haven’t been motivated enough to attend. You can increase their interest by documenting how much fun
you’re having: write down what you’ve done at various
meetups and how people have found those meetups. If
the reports sound fun enough, others will be interested
in showing up. If the reports don’t sound fun enough,
your first priority is to make the meetups more interesting.
Eventually, though, you may need to reach out to
people who aren’t already Less Wrong readers. Getting outsiders interested requires framing the purpose
of the group appropriately. You could call yourself a
philosophy or psychology discussion group, a self-improvement group, a group of people interested in efficient altruism, or whatever best fits the actual goals of
your group. Be sure to come up with a description that
succinctly matches the function of your group. If you
say that your group is about self-improvement when
it’s actually about discussing philosophy, people who
come looking for self-improvement will leave disappointed, while people who are interested in philosophy
will never visit in the first place.
Advertising your group
Once you have a description of your group that seems
interesting to outsiders, it’s time to advertise it:
• If you have friends who you think might be interested in the topics discussed at the meetups, ask
them to attend sometime.
• Post reports of fun meetups where people can see
them. If the person writing these reports has a
personal blog, they should be posted there. Others can then share a link to the report on Facebook, Twitter or a similar platform, mentioning
that they attended the meetup in question and
that it was fun.
• Print out fliers that advertise your meetup group
and post them in places that have lots of people
with intellectual interests. University campuses
are ideal.
• See if there are any local skeptic, science, philosophy, etc. groups that you can advertise to. If at a
university, try suitable student societies.
• Create a group on (this involves a
nominal monthly charge).
If the content of your meetups is interesting and fun
enough, the new people who visit will choose to come
again. The main difference between planning a meetup
for Less Wrong regulars and planning it for people
who don’t know of Less Wrong is that non-readers
will have less knowledge of Less Wrong jargon and
concepts. So choose activities that don’t require a deep
understanding of such things, and try to avoid jargon.
Long-term Meetup Group Maintenance
Group norms and epistemic hygiene
“Epistemic hygiene consists of practices
meant to allow accurate beliefs to spread
within a community and keep less-accurate
or biased beliefs contained. The practices are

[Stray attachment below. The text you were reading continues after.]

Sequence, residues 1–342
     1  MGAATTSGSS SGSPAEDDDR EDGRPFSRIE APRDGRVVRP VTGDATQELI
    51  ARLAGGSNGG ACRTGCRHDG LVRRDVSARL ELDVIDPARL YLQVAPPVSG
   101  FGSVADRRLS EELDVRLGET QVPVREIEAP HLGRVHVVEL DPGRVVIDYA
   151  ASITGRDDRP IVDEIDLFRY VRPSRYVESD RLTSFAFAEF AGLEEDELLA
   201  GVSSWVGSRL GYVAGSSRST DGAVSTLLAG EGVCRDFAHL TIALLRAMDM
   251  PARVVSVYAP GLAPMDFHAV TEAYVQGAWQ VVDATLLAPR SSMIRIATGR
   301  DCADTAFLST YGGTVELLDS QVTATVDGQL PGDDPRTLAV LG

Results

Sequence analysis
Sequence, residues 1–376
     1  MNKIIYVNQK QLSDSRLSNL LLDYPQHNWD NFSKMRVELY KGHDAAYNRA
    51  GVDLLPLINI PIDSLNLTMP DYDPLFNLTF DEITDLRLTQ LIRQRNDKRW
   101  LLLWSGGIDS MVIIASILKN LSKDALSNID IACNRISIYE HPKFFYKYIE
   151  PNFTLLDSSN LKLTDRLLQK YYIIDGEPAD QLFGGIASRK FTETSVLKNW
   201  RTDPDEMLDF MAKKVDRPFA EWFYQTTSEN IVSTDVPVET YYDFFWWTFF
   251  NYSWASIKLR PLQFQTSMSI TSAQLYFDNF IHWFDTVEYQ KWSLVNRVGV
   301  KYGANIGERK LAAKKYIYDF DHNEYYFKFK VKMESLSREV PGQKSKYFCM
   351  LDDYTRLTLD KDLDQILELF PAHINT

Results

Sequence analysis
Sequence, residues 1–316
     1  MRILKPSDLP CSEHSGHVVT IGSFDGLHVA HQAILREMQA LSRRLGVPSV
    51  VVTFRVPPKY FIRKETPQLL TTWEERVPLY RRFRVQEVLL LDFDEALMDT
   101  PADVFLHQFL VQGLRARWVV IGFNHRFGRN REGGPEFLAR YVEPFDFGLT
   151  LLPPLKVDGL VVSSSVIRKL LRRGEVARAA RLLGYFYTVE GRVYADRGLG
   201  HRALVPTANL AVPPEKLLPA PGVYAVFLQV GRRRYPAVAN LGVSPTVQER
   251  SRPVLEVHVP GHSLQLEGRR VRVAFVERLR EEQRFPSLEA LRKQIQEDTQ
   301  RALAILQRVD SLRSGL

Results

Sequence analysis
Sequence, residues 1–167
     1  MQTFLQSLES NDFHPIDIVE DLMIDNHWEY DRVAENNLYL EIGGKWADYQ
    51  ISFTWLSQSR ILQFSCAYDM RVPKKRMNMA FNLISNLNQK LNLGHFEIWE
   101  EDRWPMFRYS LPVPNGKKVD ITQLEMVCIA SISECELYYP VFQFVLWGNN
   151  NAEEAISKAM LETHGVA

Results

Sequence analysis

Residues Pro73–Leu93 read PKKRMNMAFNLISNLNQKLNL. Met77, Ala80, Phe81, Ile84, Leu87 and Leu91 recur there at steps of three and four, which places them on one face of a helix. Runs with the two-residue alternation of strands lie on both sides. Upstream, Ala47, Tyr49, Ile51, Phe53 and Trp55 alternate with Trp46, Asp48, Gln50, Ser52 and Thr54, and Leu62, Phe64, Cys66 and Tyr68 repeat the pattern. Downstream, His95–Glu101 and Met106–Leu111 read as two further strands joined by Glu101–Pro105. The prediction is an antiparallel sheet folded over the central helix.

meant to serve an analogous purpose to normal hygiene and sanitation in containing
- LessWrong wiki, Epistemic hygiene
A meetup group provides a good opportunity to practice good epistemic hygiene. Learning is more effective
when group members can rely on each other to provide accurate information.
While it’s still unclear which epistemic hygiene
norms are best, here are some suggestions:
• Be comfortable saying things like “I think I
shouldn’t agree or disagree right away,” or “I’ll
need to take some time to think through what
my real opinion is on that point,” or “I didn’t
quite say what I really meant earlier.” Support
others who say those things.
• Be honest about your evidence and about the
actual causes of your beliefs, and focus attention
on these things. When communicating a piece
of evidence, mention where you learned it from.
For example, distinguish between things you
know via personal experience, things that you’ve
heard somebody say, and things you read in an
encyclopedia. This helps people weigh your information and opinions appropriately.
• Before you stake your argument on a point,
ask yourself what you would say if that point
were decisively refuted. If you wouldn’t actually
change your mind, search for a point that you
find more convincing.
• Don’t use your knowledge of cognitive biases
as a fully general counterargument to anyone’s
• If you basically agree with someone’s argument,
but want to point out a minor problem, start
your response with a statement such as “I agree
with your conclusion, but I should probably note
that...” This way, if a lot of people want to make
minor corrections to somebody’s point, the person won’t mistake these many small corrections
for flat-out disagreement.
• If you’re making a generalization, check it for
scope. How much do you actually know about
the thing you’re generalizing from? Could the
circumstances have changed in a relevant way?
How representative are the examples you’re
drawing your conclusions from?
• In conversation, when saying things like “I think
there’s a chance that this theory is right, but not
an extremely high chance,” be sure to distinguish
“I don’t have evidence that this theory is right”
from “I do have evidence that this theory can’t
be right.” This lets people know when you’re just
thinking about the base rate, and when you have
additional evidence.
• In discussions, presume the kinds of conditions
that are the least convenient for your argument.
• Reward people for changing their minds when
confronted with quality evidence: don’t punish
people for “losing” debates. Treat debates and
discussion as opportunities to explore the truth
of things together rather than confrontations.
Don’t treat arguments as soldiers.
• When asked a question on a complicated topic,
try to not just answer but also provide a short
list of the facts that make you believe what you
believe. This helps allow others come to their
own opinion instead of allowing entirely on
Meetup content
Solving specific problems
How to get other people to help in running
the group
If nobody is stepping forward, explicitly say that you
need help running things. If this doesn’t get you anywhere, choose somebody specific and ask them to